The Same Old Drumming Quandry

Tonight I went to my bata lesson and noticed that the teacher didn’t look so good. He fell on his shoulder and separated it, had been in pain until he saw the other bata student, who is a physical therapist. He was on both our cases, not the worst, but when he uses an angry and bitter kind of scorn, it can be hard to take when you trying your best. I found out later he’d had an absessed tooth which had to be pulled.

I gave him some guff, because he sometimes he expects me to pick up multiple things perfectly in seconds, and while I do pick up some things quickly and have a fair amount of aptitude, I can’t begin to even understand a rhythm until I’ve heard it for awhile. This doesn’t mean I don’t respect my teacher, but in Cuba if anyone is dancing or drumming they practice all the time. He tolerates some imperfection but demands a high level of competence right out of the gate.

I don’t practice bata outside of class because I don’t have a place or people to practice with. The other student is very busy with her work and tends to think she knows a rhythm when in fact she doesn’t, and will argue with me if I don’t agree with her. I’m no perfect authority on how things go either.

I have tiny, short fingered hands, and when I get a hand position wrong and he corrects me like I should know with his long palms and long, leathery fingers, it’s not helpful. I only play batas once a week so there is a lot I don’t retain.

I was reading Layne Redmond’s webpage with tips on being a frame drummer. She is a famous one who has traveled all over the world and written a book about how it was women in the ancient world who used frame drums to connect people with the divine through rhythm. The first thing she says is “practice every day”. I’m tired of studying percussion where it’s this damned crapshoot and progress is very slow and affected  by us all  not doing it enough.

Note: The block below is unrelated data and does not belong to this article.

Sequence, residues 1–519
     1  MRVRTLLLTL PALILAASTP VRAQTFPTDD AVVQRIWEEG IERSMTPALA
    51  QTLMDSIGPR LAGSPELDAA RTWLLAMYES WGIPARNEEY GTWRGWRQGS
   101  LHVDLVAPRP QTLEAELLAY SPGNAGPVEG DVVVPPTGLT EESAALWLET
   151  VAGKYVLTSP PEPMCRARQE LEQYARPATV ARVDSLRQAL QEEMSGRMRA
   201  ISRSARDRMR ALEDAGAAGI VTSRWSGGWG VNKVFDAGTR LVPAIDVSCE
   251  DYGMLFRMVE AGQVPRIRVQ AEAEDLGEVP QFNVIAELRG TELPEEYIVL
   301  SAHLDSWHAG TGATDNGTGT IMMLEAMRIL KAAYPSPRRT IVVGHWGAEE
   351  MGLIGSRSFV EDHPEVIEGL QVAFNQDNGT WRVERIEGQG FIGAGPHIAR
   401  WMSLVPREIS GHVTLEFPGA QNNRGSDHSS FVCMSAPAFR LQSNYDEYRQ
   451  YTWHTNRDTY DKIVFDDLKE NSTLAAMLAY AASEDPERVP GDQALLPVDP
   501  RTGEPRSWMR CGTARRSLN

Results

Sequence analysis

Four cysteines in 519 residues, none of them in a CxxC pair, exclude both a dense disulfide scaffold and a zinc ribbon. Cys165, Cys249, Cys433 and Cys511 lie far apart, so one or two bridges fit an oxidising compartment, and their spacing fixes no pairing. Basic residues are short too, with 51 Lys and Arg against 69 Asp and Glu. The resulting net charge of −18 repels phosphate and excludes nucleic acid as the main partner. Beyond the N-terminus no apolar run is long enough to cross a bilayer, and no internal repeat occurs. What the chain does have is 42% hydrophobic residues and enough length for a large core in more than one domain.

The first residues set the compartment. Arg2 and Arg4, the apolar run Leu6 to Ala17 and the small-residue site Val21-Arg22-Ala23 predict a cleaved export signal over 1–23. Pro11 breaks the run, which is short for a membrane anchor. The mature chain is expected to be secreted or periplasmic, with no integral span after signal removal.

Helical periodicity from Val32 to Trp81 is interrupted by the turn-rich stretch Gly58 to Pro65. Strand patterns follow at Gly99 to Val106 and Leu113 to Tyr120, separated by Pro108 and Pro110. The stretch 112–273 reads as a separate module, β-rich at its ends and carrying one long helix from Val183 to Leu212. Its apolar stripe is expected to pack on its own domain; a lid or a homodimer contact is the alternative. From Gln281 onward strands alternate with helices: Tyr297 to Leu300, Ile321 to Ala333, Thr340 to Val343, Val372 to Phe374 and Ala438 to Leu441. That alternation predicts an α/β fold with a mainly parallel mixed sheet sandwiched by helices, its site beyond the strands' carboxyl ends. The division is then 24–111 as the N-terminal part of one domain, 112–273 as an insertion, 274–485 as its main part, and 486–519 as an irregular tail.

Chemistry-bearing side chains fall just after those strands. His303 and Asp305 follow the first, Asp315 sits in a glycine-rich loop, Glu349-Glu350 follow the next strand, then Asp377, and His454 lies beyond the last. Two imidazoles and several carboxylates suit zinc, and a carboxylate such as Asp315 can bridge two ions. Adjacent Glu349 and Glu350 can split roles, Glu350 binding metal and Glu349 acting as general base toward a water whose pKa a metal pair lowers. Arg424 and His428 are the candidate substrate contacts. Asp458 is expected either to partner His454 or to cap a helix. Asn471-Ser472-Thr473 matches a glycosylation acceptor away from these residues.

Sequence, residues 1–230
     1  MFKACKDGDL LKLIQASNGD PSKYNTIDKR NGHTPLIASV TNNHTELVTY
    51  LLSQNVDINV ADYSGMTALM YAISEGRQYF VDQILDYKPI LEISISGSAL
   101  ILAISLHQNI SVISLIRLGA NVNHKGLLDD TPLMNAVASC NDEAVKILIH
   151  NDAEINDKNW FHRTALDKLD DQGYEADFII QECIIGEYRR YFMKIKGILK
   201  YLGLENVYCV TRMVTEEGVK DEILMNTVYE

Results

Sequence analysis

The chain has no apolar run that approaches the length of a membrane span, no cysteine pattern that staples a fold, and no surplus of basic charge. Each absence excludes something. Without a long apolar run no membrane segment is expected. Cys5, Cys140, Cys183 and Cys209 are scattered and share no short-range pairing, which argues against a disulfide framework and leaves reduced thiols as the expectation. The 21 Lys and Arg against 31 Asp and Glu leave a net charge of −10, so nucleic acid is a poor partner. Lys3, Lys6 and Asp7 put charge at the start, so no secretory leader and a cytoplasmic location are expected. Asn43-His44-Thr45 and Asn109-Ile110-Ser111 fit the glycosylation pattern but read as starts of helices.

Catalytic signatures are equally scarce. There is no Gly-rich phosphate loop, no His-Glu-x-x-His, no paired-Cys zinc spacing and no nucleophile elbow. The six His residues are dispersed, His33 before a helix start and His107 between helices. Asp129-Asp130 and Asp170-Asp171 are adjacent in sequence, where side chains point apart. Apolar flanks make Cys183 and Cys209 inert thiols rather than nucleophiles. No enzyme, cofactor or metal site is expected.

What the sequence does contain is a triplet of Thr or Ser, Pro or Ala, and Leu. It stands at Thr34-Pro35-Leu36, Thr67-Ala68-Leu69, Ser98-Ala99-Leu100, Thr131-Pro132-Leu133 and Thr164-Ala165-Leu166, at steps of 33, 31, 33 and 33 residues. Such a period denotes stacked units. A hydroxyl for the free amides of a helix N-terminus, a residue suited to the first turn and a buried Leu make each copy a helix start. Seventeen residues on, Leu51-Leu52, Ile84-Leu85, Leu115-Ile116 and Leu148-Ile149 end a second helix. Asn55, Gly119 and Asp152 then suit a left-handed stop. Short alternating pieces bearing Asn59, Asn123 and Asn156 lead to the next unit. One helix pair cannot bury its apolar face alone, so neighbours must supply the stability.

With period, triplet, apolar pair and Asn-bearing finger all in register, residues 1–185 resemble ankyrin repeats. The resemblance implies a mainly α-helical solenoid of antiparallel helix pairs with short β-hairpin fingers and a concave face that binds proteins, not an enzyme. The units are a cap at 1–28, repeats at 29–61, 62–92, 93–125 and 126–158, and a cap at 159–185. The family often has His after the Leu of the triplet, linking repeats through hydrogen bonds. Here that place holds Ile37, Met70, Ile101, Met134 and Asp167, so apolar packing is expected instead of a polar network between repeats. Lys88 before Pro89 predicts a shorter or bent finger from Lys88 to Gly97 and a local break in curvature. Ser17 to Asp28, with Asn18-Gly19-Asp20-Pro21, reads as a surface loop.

Robert Wallace, a drum teacher in Alameda I’ve gone to says: Commitment Creates Success. Thus he offers series and does not do casual classes where people can drop in( and out).

Hmmm. I’m starting to see I’m blaming outside circumstances rather than being open to either creating something else that gives me what I want or going elsewhere. I dunno what this means and what I should do about it yet, but maybe it is an opportunity waiting to be born.

About Shirley

I started this blog to expand and explore my rhythm horizons as a hand drummer. That exploration includes touching on the rest of my life and inner world as authentically and truthfully as possible.
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